Sunday, May 10, 2009

5-HTTLPR & neuroeconomics   posted by Razib @ 5/10/2009 10:45:00 PM

A Genetically Mediated Bias in Decision Making Driven by Failure of Amygdala Control:
Genetic variation at the serotonin transporter-linked polymorphic region (5-HTTLPR) is associated with altered amygdala reactivity and lack of prefrontal regulatory control. Similar regions mediate decision-making biases driven by contextual cues and ambiguity, for example the "framing effect." We hypothesized that individuals hemozygous for the short (s) allele at the 5-HTTLPR would be more susceptible to framing. Participants, selected as homozygous for either the long (la) or s allele, performed a decision-making task where they made choices between receiving an amount of money for certain and taking a gamble. A strong bias was evident toward choosing the certain option when the option was phrased in terms of gains and toward gambling when the decision was phrased in terms of losses (the frame effect). Critically, this bias was significantly greater in the ss group compared with the lala group. In simultaneously acquired functional magnetic resonance imaging data, the ss group showed greater amygdala during choices made in accord, compared with those made counter to the frame, an effect not seen in the lala group. These differences were also mirrored by differences in anterior cingulate-amygdala coupling between the genotype groups during decision making. Specifically, lala participants showed increased coupling during choices made counter to, relative to those made in accord with, the frame, with no such effect evident in ss participants. These data suggest that genetically mediated differences in prefrontal–amygdala interactions underpin interindividual differences in economic decision making.

Check out the Wikipedia entry on 5-HTTLPR; lots of behavioral phenotypes associated with this variant. ScienceDaily:
The researchers also measured the degree of interaction, or connectivity, between the amygdala and the prefrontal cortex, the brain region most implicated in human intelligence, personality and decision making. When resisting the frame effect, the participants with two copies of the long variant had stronger connectivity between the prefrontal cortex and amygdala, while those with a pair of short variants did not.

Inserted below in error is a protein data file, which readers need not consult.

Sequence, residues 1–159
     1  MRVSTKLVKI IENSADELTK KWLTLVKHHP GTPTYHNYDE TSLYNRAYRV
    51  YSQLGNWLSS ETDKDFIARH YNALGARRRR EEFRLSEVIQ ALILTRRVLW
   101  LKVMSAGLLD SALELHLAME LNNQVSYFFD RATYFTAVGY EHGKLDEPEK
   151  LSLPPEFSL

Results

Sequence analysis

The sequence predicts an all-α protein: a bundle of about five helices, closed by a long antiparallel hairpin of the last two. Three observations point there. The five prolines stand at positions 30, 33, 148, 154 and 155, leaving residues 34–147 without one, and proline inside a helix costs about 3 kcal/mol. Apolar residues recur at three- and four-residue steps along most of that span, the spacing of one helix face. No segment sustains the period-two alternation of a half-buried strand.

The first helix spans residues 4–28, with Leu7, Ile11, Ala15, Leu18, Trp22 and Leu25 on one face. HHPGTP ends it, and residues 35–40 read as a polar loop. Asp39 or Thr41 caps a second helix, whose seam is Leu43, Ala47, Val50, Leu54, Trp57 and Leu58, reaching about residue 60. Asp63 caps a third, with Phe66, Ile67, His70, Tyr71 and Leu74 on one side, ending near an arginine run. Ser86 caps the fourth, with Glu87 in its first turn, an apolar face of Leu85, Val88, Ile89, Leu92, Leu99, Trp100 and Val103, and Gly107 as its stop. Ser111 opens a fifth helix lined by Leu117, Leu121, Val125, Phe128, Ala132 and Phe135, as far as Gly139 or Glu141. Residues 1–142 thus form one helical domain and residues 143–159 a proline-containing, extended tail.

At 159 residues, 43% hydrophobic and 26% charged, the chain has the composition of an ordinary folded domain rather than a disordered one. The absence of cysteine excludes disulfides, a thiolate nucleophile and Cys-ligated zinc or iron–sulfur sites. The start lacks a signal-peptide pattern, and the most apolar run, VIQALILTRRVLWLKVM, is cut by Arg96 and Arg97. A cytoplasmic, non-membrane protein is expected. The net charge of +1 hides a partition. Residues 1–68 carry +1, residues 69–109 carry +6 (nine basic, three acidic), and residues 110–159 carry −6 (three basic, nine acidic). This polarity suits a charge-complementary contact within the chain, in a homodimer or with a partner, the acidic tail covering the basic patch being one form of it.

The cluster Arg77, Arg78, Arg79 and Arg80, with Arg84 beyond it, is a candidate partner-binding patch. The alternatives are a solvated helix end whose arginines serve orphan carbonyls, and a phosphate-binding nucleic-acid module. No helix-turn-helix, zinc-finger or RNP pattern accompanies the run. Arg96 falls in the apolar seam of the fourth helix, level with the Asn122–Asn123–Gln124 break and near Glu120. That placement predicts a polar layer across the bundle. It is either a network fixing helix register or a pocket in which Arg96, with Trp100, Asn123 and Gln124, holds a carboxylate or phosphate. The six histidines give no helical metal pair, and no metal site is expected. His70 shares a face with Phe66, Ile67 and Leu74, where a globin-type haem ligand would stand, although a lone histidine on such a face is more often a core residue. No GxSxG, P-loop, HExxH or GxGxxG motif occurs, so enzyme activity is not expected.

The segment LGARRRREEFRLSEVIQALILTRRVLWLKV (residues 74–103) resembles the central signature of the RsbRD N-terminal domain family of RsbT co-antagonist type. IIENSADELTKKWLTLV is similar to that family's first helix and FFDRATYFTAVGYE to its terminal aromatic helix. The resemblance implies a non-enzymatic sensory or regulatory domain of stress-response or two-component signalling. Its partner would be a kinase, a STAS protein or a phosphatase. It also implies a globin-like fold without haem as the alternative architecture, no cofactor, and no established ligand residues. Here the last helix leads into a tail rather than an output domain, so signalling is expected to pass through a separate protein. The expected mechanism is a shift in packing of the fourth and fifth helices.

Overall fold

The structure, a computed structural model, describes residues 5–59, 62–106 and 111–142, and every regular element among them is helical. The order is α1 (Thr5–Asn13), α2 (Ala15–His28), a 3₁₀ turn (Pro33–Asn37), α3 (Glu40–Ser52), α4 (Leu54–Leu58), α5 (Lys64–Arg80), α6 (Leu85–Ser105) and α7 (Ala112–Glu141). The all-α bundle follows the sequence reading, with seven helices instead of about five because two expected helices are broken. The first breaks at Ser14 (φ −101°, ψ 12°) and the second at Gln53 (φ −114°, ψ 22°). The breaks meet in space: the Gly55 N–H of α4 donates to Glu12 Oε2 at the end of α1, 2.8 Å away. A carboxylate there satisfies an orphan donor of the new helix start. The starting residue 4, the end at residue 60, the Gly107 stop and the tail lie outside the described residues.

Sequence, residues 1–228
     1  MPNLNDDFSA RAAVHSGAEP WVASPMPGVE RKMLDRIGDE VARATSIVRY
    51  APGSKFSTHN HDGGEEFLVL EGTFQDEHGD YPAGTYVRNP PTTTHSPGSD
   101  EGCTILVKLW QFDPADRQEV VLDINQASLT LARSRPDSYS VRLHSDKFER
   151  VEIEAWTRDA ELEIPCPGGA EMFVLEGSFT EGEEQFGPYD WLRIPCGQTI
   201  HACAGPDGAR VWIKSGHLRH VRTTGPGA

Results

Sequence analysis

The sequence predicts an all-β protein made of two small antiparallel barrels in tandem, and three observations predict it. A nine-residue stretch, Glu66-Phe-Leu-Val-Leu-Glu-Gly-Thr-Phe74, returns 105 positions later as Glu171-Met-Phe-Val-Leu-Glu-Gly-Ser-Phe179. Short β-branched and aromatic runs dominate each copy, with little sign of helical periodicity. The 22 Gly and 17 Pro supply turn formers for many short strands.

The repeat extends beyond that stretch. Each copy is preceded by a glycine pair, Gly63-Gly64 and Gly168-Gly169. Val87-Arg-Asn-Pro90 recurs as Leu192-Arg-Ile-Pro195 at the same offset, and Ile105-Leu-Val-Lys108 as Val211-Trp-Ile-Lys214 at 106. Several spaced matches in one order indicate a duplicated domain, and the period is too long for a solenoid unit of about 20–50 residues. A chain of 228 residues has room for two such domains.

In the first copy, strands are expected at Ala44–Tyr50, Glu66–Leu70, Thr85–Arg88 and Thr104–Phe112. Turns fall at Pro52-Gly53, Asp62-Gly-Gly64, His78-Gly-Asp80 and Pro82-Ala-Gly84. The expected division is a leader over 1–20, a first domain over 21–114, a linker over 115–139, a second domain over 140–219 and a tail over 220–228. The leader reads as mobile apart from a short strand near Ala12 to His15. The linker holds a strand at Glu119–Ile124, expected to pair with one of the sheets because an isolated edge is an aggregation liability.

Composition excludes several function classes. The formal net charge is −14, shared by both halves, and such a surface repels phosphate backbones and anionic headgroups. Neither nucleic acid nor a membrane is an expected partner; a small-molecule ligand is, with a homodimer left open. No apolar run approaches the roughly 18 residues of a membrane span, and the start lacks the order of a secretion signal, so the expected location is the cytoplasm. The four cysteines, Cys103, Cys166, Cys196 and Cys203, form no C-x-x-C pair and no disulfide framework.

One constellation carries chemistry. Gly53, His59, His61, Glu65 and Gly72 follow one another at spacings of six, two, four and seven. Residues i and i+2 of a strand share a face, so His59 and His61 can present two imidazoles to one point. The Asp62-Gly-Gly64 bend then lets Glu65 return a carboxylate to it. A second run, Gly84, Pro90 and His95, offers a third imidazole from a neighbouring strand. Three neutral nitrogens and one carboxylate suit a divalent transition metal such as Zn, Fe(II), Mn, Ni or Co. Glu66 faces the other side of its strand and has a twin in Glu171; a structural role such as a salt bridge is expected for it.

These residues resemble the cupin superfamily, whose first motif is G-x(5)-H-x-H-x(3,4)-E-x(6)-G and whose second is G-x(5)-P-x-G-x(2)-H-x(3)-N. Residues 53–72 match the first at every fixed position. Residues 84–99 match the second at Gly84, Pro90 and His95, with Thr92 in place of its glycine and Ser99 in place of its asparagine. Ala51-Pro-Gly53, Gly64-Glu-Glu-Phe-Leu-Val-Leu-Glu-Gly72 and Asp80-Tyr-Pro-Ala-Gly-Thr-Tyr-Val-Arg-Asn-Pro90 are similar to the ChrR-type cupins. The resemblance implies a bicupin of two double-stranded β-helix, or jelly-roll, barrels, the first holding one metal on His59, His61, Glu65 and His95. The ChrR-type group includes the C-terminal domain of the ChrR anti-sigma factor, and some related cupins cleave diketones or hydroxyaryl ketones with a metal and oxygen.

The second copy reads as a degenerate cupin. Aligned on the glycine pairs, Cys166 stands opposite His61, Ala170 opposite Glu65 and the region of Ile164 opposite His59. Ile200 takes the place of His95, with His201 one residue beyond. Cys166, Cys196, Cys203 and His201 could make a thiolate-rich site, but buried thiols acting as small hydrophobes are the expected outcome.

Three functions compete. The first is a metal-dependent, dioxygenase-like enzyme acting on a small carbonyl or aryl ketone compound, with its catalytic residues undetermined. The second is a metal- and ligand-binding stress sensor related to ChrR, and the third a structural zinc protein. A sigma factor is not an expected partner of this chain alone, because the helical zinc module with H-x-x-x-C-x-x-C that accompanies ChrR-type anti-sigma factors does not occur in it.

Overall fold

"This difference in connectivity is really interesting," says Dr Roiser. "It suggests that the volunteers carrying the long variant might regulate automatic emotional responses, which are driven by the amygdala, more efficiently, lessening their vulnerability to the framing effect.

"This one gene cannot tell the whole story, however, as it only explains about ten per cent of the variability in susceptibility to the framing effect. What determines the other ninety per cent of variability is unclear. It is probably a mixture of people's life experience and other genetic influences.

"An interesting question would be whether the gene might affect real-life decision-making. For example, traders in banks need to make quick and accurate estimations of risk and consistent decisions, no matter how the information is presented to them. So you might hypothesise that traders with the long genetic variant would make more consistent decisions, though this needs to be tested in future research."

So this genetic variation only explains 10% of the variation within the population when it comes to frame effect in behavioral economics. Fair enough. But, I do wonder if in the current political environment fewer would oppose genetically black-balling individuals with the short variants of 5-HTTLPR from becoming traders! (I'm not proposing this seriously myself, but I think there might be some amygdala-driven acceptance of this sort of genetic profiling right now even if the returns are small)

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